The truth is, it is a marvel how the world exists after so much screaming.  When the Ten Rabbis martyred by the Romans were suffering, the ministering angels cried out, "Is this Torah, and this its reward?" A voice from heaven responded, "If I hear one more cry I will turn the whole world back to water." Yet now, immaculate children, purest angels, together with the greatest, holy Jews, are murdered and butchered just because they are Jews, who are greater than any angels, filling the whole vast emptiness of the universe with their screaming, and the world does not turn back into water? It remains standing, steadfast, as though God is untouched by events, God forbid? (ibid., p. 328)


The Rebbe never for a moment abandons the great faith that "there is nothing besides Him," nor the faith that God is suffering and weeping with us.  But the enormous perplexity that arises specifically because this faith is maintained in all its solidity cannot be denied, hidden, or suppressed.  The children, who are a manifestation of God, are crying out God's own cries to Him, and they are murdered and slaughtered, and evil goes on, and life continues – and there are no words, even for those who use them freely.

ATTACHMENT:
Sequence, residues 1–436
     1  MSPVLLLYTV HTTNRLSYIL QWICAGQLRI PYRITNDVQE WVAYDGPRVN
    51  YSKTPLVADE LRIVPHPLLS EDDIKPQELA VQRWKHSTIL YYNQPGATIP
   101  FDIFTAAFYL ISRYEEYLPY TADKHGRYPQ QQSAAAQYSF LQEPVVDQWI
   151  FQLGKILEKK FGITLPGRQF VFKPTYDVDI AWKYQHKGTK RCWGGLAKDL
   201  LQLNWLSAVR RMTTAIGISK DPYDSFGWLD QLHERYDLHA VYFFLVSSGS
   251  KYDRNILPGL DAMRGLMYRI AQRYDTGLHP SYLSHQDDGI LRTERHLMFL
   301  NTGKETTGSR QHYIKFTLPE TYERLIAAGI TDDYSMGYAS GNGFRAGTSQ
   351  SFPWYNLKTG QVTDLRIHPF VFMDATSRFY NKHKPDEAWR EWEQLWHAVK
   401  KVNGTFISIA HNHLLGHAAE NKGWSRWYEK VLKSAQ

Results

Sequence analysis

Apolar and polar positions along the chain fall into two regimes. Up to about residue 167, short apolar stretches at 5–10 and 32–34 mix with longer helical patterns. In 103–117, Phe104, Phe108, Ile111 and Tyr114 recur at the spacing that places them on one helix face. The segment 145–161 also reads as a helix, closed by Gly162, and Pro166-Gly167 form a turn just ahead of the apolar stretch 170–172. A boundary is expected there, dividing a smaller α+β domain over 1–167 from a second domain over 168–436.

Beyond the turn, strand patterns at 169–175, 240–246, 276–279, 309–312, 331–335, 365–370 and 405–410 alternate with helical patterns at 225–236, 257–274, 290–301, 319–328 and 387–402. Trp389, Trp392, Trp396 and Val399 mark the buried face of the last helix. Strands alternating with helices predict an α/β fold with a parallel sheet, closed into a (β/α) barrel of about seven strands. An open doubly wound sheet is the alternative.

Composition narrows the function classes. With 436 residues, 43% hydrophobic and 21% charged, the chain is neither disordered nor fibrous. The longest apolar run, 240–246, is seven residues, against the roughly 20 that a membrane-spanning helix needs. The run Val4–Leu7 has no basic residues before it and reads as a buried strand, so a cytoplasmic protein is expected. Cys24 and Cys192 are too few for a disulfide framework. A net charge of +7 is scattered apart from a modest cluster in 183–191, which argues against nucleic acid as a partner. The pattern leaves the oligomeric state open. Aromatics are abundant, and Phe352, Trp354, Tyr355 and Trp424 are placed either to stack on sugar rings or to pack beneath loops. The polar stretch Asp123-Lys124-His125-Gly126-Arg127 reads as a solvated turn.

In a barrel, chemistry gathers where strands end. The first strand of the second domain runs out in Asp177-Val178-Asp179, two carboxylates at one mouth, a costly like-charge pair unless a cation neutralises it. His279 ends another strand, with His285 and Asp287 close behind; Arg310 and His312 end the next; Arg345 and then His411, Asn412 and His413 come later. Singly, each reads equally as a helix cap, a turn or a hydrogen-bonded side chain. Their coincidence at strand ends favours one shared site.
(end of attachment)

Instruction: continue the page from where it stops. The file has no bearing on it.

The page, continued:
This great question mark that the Rebbe of Piaseczno leaves in his sermon cannot be washed away even with all the words that I have quoted in the name of great Torah scholars,gedolei yisrael, or that have been proposed by others, or that will ever be written.  For as long as people live in this world and believe in God Who is full of compassion, Who dwells with them, his cry will continue to challenge any theological or ideological statement – and, in fact, any statement at all.



Translated by Kaeren Fish